A commercial litigator in the U.K. is filing a class-action lawsuit on behalf of a large group of clients contesting multilateral interchange fees (MIFs) charged by Visa and Mastercard.
Harcus Parker will bring the corporate card claim to the Competition Appeal Tribunal (CAT), the U.K.’s specialist judicial body for hearing competition cases, according to a press release emailed to PYMNTS on Thursday (March 31).
The law firm, which specializes in group litigation, competition lawsuits and class-action claims, is seeking compensation on behalf of U.K. businesses that were charged MIFs for accepting payments using U.K. corporate credit cards and credit and debit cards from overseas visitors.
Harcus Parker claims that Visa and Mastercard set the level of MIFs and then forced banks to pay rates that are “anti-competitive and unlawful,” said Jeremy Robinson, competition litigation partner at Harcus Parker.
“This case is about putting pounds back into the pockets of businesses across the economy and making a stand against unlawful interchange fees. The fact is that the Supreme Court and the European Court of Justice have both condemned this practice for consumer credit and debit cards. UK courts should now clamp down on commercial card and inter-regional fees,” Robinson said in the release.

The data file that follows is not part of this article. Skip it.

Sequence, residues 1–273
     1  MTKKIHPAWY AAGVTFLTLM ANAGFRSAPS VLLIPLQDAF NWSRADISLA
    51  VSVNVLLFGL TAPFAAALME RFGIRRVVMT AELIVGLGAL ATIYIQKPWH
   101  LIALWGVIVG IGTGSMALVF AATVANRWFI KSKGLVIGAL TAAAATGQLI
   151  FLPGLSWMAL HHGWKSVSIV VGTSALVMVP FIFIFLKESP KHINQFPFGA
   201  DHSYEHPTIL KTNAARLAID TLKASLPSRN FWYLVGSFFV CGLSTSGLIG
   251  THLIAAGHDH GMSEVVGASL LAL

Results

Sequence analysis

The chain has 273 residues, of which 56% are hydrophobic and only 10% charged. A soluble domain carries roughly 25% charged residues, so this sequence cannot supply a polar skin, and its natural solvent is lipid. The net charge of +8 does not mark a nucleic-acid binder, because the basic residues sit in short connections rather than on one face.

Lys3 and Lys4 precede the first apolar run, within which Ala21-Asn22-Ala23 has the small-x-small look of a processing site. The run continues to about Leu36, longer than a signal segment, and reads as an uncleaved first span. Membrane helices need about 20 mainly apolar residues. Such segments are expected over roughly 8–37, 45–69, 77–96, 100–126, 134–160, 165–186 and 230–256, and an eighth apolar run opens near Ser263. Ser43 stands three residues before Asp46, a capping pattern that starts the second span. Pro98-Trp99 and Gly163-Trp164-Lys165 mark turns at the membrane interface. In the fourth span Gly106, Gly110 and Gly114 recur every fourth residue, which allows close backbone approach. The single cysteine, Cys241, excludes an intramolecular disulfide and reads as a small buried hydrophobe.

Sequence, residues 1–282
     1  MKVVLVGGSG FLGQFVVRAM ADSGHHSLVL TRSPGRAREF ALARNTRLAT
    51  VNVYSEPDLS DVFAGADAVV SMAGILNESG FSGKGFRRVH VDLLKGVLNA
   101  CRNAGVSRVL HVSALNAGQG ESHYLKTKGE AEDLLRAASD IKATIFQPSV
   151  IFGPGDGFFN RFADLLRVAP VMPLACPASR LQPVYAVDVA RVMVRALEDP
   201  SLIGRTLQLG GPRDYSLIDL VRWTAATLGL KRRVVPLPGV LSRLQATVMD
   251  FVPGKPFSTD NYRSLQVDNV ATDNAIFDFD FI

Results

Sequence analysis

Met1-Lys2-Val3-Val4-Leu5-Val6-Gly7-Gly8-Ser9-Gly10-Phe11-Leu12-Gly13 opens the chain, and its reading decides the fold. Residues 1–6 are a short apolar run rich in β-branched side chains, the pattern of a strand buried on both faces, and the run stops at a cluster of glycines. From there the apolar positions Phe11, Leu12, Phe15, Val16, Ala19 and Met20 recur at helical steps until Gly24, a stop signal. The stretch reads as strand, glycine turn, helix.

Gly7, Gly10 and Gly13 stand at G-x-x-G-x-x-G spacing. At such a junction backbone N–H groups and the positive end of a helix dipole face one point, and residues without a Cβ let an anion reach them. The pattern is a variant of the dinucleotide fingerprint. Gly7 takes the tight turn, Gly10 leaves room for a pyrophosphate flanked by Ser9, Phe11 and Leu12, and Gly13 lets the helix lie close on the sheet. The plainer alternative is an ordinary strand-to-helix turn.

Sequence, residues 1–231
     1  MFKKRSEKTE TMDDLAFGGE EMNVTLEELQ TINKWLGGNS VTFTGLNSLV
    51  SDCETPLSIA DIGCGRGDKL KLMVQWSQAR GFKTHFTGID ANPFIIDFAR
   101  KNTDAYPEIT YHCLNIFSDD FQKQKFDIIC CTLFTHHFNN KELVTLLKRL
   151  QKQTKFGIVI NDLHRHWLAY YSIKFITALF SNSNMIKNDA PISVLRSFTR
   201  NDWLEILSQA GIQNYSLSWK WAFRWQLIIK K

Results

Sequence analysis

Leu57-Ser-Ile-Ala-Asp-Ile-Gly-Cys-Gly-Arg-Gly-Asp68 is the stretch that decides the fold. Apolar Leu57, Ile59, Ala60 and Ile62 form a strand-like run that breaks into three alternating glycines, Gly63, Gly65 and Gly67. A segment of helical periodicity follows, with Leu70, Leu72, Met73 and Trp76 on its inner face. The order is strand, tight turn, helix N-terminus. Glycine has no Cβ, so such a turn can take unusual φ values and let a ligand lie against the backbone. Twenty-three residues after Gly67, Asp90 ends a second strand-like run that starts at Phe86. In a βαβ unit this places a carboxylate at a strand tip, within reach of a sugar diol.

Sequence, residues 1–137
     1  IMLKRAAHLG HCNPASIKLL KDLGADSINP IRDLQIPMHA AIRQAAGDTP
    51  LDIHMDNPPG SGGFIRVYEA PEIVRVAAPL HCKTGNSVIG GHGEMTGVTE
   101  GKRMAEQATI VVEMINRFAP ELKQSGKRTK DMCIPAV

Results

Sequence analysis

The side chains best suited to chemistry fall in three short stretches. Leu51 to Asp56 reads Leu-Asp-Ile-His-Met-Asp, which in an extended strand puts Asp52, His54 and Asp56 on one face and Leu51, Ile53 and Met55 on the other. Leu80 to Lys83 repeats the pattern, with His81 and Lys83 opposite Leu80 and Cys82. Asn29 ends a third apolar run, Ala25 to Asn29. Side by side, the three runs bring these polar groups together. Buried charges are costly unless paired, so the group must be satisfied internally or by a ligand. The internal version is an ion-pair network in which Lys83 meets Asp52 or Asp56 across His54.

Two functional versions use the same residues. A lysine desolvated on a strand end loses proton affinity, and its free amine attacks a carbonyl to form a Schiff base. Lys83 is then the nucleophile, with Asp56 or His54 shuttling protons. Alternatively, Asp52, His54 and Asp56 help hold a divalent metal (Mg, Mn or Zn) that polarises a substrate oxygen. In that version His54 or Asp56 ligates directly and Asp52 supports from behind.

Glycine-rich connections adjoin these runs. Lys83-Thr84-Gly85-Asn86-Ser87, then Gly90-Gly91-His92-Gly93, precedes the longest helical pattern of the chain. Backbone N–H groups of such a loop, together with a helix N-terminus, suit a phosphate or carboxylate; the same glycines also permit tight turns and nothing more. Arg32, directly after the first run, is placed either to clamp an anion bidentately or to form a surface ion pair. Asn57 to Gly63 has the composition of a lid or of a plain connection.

MIFs comprise the biggest percentage of fees levied by banks on businesses when customers pay by card. Typically, for every 100 pounds in spend, approximately £1.80 is charged by Visa and Mastercard for charges made by corporate cards, the release said.
The U.K. caps MIFs at 0.3% on consumer credit card transactions and 0.2% on consumer debit cards but there’s no set limit for corporate cards, which can run 1.8%. Harcus Parker is accusing both card giants of imposing anti-competitive fees since they set their own fees instead of market competition.
“These MIFs for corporate and inter-regional payments should be zero percent,” according to the law firm.
The class action is open to all businesses, including some companies outside of the U.K.